Many buildings are air-conditioned by low-temperature water circulated through coils. Warm air from the building is blown over the coils to extract heat so as to maintain comfortable conditions for the occupants. The warmed water is then returned to a chiller to be cooled and recirculated through the chilled water loop. The heat from this water and from the chiller compressor is transferred in a heat exchanger to another water flow by the use of a refrigerant such as Freon.
The water that removes heat from the chiller heat exchanger is called the condensing water. This is not because the water condenses, but because it causes the high-pressure gaseous Freon in the heat exchanger to condense into a liquid. This liquid Freon goes to an evaporator that causes its temperature to decrease so that it can extract heat from the water in the chilled water system. The condensing water carries the heat outside the building by being pumped to a cooling tower. Here, the heat is removed by the evaporation of some of the condensing water.
Condensing Water Circulation
The condensing-water loop is a circulating water system that carries water from the chiller to a mechanism for cooling the water, such as a cooling tower. A pump forces the water flow through the condensing water loop. The suction side of the pump pulls cooled water from the sump of the cooling tower, pushes it through the chiller condenser, and then causes the warmed water to spray onto the media in the cooling tower. Air from outside the building is blown through the media, causing some of the water to evaporate, thus cooling the water flow that collects in the sump.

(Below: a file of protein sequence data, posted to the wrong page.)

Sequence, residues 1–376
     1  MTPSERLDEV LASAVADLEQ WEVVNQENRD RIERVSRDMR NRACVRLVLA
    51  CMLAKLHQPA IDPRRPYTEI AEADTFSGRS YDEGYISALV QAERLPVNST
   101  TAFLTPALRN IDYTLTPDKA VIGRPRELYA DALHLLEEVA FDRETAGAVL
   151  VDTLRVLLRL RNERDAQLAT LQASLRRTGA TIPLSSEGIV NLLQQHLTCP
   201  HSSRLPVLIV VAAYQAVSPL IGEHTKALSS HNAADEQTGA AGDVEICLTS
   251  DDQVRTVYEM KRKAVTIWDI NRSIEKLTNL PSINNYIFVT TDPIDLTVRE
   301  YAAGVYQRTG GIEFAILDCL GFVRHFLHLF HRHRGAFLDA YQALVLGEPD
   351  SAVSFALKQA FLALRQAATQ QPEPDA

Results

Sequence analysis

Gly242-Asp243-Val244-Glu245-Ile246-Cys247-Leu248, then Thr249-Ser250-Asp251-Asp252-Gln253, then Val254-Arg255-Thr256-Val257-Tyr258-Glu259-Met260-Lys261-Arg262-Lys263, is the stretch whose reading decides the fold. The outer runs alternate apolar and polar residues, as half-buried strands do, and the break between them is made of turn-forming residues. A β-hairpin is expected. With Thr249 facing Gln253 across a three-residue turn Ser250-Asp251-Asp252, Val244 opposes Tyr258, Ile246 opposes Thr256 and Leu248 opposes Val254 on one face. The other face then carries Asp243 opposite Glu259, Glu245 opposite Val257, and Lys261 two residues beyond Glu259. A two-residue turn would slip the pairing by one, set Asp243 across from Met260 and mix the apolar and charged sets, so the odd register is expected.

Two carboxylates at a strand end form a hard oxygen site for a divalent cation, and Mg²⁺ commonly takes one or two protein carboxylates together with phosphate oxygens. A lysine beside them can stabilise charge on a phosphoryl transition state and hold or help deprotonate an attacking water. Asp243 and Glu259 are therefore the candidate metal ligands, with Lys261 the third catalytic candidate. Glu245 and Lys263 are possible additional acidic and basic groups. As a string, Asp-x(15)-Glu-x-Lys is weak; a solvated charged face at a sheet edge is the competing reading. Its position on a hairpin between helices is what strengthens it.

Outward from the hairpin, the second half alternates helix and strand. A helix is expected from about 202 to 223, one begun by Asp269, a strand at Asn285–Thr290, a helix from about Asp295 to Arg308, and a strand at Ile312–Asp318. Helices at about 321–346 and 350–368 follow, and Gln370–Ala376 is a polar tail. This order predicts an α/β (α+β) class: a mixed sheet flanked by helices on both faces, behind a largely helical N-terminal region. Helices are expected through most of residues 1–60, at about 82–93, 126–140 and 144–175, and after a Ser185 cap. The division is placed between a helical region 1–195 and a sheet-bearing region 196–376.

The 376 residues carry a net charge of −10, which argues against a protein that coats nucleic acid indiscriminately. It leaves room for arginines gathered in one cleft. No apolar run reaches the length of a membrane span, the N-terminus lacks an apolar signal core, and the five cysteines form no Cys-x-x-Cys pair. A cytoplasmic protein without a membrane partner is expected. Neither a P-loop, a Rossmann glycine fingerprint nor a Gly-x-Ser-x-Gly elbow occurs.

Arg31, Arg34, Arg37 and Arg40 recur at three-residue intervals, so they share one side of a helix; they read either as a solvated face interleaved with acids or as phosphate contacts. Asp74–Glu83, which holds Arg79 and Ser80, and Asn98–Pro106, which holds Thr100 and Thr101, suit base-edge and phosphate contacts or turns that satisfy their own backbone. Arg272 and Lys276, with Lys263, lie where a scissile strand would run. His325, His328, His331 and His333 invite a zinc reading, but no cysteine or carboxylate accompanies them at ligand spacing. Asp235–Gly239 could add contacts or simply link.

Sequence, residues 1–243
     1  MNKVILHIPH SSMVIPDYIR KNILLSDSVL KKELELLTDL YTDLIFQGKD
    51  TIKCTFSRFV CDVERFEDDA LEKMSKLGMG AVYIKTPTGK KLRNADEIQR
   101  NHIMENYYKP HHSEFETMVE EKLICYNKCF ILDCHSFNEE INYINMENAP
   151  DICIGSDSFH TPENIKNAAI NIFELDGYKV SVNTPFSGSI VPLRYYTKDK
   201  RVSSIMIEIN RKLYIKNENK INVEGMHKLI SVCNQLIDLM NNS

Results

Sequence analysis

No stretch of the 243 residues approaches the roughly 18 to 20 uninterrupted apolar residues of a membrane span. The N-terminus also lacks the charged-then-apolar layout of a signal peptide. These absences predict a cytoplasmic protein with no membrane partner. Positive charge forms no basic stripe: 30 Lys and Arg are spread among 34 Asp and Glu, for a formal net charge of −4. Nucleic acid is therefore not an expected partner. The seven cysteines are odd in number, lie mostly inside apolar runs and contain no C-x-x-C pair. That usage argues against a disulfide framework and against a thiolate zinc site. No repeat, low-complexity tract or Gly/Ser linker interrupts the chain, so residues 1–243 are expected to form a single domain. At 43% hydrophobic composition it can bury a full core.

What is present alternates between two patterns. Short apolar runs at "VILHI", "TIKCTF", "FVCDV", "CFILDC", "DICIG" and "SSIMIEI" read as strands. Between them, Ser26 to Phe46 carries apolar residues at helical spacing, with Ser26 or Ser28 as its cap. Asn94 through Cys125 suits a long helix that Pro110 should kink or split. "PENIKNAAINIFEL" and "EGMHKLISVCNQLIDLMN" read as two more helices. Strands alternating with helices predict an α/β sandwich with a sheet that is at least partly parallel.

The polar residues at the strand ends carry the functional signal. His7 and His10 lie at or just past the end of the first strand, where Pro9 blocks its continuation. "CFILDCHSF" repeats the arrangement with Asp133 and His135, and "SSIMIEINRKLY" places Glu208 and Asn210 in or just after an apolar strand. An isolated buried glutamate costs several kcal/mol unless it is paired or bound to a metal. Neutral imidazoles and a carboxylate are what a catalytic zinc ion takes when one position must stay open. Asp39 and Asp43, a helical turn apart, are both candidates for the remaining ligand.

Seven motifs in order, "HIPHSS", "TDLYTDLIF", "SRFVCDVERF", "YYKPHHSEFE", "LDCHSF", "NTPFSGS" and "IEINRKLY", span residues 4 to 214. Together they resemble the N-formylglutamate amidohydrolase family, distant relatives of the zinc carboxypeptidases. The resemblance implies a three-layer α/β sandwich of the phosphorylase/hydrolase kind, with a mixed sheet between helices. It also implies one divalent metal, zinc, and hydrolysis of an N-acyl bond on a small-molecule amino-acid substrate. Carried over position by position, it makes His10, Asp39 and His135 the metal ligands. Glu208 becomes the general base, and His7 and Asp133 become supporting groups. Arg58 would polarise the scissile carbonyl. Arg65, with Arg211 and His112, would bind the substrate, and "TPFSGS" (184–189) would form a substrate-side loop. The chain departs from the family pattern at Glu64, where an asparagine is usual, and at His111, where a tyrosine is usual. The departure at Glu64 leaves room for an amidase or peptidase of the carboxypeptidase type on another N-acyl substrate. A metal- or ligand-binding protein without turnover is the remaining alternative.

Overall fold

Condensing Water Supply
While the condensing water in a chiller causes the high-pressure refrigerant in the chiller to condense, the water itself is actually evaporated to make its contribution to the cooling of the building. This means that fresh water must be added to the cooling tower to maintain the water level in the sump. This is often done by using a simple float valve, like those used in many toilets, to add water to the sump automatically as needed.
Condensing Water Treatment
The water supplied to the cooling tower sump contains various minerals, and the air used to cool the water can introduce various organisms. Thus the water must be treated with a variety of chemicals to keep slime and scale from building up in the condenser and to prevent corrosion in the pipes, spray nozzles and heat exchanger. Good water quality is maintained using information from the chiller manufacturer and from water treatment professionals. Poor water quality can be evidenced by an increase in the difference between the liquid Freon temperature and the condenser water temperature leaving the heat exchanger.